Otipa, MJ;, Kimenju JW;, Mutitu EW;, Karanja NK.  2003.  Potential rotation crops and cropping cycles for root-knot (Meloidogyne spp.) nematode control in tomato. Abstract

Tomato is attacked by several plant parasitic nematodes but root-knot nematodes are the most devastating and cause considerable losses in Kenya. Studies were undertaken under greenhouse and field conditions to determine the suppressiveness of a wide range of plant species to root-knot (Meloidogyne spp.) nematodes. Potted plants were inoculated with 6000 eggs and /or juveniles while the field experiments were in nematode infested fields. Among the plants tested, Tagetes patula, Gossypium hirsutum, Desmodium uncinatum, Chloris gayana, Zea mays, Alstroemeria sp., Capsicum annuum, Crotalaria juncea, Arachis hypogaea, Sorghum bicolor, Tithonia diversifolia and Pennisetum purpureum were rated as poor hosts with galling and egg mass indices ranging from 0 to 3. High galling and egg mass indices ranging from 7-9 were recorded on Lablab purpureus, Coriandum, sativum, Statice sp., Brassica oleracea var. gloria, Helianthus annuus, Vigna subterranea while Muguna pruriens, Lactuca sativa, Allium ampeloprasum, Sesamum indicum, Allium cepa, Onnis sp., Brassica Oleracea Var. chinensis, Asparagus sp., Brassica oleracea var. botrytis, Ornithogolum arabicum. Tuberose sp. and Chrysanthemum indicum, were rated moderately resistant with galling and egg mass indices ranging from 3 to 6. Damage by nematodes was significantly (P=0.05) reduced in tomato planted after sweetcorn or in sweetcorn with Tagetes patula, Crotalaria juncea, Sorghum bicolor and Asparagus sp. in the field. This study shows that despite the fact that Meloidogyne spp. have wide host ranges, there is a wide range of economically important plants from which suitable candidates can be selected for use as rotation or interplants in their management.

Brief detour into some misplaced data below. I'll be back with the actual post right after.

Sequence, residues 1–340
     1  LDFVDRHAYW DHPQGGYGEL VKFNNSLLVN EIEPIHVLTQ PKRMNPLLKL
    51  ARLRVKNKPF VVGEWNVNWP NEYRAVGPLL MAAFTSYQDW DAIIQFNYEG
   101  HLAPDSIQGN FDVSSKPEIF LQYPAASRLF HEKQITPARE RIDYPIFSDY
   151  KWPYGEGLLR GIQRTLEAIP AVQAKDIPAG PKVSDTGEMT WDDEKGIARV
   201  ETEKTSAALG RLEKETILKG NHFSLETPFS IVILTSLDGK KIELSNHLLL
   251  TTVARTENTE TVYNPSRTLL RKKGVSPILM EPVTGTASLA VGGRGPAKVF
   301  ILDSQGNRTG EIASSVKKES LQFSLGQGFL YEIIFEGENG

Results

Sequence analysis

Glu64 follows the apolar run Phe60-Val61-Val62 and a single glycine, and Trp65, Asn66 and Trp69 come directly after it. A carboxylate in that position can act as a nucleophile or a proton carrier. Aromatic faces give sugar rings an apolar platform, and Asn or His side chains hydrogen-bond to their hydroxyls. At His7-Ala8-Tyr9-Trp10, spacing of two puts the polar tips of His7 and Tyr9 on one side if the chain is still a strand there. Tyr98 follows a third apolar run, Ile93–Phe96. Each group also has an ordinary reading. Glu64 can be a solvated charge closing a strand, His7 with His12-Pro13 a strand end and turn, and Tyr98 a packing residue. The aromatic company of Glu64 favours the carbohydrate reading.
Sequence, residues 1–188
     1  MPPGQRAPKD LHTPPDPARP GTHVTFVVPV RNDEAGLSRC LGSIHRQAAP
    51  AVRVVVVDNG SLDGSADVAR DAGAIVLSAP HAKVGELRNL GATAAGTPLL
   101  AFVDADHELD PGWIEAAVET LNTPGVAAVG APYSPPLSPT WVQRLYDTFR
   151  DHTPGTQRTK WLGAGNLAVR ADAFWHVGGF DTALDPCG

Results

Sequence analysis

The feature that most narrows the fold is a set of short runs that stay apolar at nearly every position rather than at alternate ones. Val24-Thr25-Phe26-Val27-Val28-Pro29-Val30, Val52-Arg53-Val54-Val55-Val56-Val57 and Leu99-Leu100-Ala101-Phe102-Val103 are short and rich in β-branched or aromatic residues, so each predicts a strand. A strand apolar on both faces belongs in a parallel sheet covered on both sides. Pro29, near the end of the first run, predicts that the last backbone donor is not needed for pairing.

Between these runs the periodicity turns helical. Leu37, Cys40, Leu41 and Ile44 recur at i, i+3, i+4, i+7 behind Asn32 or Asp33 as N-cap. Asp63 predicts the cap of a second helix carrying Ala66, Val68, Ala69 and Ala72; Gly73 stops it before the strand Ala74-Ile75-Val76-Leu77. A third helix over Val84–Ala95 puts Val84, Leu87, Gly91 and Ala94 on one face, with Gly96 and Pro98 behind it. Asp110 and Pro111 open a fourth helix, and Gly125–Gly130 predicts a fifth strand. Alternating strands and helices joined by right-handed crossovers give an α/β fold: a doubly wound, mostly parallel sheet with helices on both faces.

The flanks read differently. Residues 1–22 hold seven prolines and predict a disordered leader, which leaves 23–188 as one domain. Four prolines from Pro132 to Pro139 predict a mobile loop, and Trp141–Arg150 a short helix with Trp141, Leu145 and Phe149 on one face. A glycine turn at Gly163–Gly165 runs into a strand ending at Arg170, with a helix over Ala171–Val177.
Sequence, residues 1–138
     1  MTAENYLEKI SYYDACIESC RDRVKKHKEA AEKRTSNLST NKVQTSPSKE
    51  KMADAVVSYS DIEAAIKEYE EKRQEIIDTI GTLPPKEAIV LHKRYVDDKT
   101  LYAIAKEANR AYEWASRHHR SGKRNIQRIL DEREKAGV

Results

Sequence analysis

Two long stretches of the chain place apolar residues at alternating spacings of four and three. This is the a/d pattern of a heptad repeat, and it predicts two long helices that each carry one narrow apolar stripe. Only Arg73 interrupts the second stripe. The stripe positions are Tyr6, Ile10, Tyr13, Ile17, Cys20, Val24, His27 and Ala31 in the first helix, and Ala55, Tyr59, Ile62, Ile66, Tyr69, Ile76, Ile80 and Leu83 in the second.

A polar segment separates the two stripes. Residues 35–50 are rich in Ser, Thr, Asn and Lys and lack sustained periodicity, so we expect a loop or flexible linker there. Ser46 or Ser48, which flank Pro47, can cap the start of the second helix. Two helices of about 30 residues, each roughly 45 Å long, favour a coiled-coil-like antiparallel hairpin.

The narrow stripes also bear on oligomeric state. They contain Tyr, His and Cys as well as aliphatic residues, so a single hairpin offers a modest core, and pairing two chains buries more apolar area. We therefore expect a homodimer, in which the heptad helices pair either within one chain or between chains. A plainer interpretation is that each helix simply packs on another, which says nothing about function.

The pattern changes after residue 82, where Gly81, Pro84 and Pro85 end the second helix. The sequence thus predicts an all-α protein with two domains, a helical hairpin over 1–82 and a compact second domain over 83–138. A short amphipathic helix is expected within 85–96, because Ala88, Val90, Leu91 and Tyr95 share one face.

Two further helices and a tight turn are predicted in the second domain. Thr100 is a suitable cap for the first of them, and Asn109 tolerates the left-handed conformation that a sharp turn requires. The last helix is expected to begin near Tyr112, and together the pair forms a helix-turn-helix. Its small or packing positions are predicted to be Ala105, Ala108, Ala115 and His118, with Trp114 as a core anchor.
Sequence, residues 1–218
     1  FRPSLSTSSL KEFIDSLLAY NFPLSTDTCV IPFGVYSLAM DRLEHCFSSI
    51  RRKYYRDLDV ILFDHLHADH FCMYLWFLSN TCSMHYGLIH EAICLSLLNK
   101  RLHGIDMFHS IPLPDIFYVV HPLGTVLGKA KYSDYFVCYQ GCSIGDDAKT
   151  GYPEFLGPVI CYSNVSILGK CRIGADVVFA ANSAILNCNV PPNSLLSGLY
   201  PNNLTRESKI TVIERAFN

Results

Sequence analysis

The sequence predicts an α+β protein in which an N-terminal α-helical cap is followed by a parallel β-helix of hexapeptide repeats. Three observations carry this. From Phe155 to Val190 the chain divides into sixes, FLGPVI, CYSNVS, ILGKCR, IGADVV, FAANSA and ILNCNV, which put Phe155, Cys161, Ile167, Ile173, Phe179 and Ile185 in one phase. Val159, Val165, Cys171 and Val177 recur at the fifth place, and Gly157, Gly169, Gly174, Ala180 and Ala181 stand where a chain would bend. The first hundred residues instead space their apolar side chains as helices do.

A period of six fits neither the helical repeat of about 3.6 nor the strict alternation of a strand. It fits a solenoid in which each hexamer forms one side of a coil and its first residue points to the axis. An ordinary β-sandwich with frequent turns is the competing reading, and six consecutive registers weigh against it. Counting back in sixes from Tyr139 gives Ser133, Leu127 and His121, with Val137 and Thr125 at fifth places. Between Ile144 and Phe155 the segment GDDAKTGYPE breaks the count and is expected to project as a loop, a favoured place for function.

Muthomi, JW;, Mutitu EW.  2003.  Occurrence of mycotoxin producing Fusarium species and other fungi on wheat kernels harvest in selected districts of Kenya. Abstract

Wheat samples collected from 5 wheat growing districts of Kenya were investigated for contamination by different fungi. Kernels were plated on agar media and the fungi that grew were identified by cultural and morphological characteristics to genus level. Fusarium isolates were identified to species level and isolates of F. graminearum were tested for mycotoxin production in culture. The major genera of fungi isolated according to decreasing frequency were Epicoccum (52.8%), Alternaria (34%), Fusarium (6%), Aspergillus (2.3%) and Penicillium (1.8%). The frequently isolated Epicoccum species was identified as E. purpurascenes. Cladosporium and Rhizopus spp. were also isolated at very low frequencies. The most frequently isolated Fusarium species were F. poae (43%), F. graminearum (39%), and F. avenaceum (8%). Other Fusarium species isolated were F. equiseti, F. oxysporum, F. camptoceras and F. chlamydosporium. Most isolates of F. graminearum produced mycotoxin deoxynivalenol and zearalenone. The isolated Fusarium species are known to cause head blight in wheat resulting in mycotoxin contamination of the grains. The results therefore indicated that head blight is widely distributed at low levels in the wheat growing areas investigated. This inoculum is potentially capable of producing severe infections under optimum weather conditions.

W., PROFMUTITUEUNICE.  2003.  Causes of ear rot of maize with mycotoxin implications in Eastern and Central Kenya. African Crop Science Conference. : University of Nairobi Case, in the proceedings of the IST-Africa 2008 Conference; Windhoek, Namibia Abstract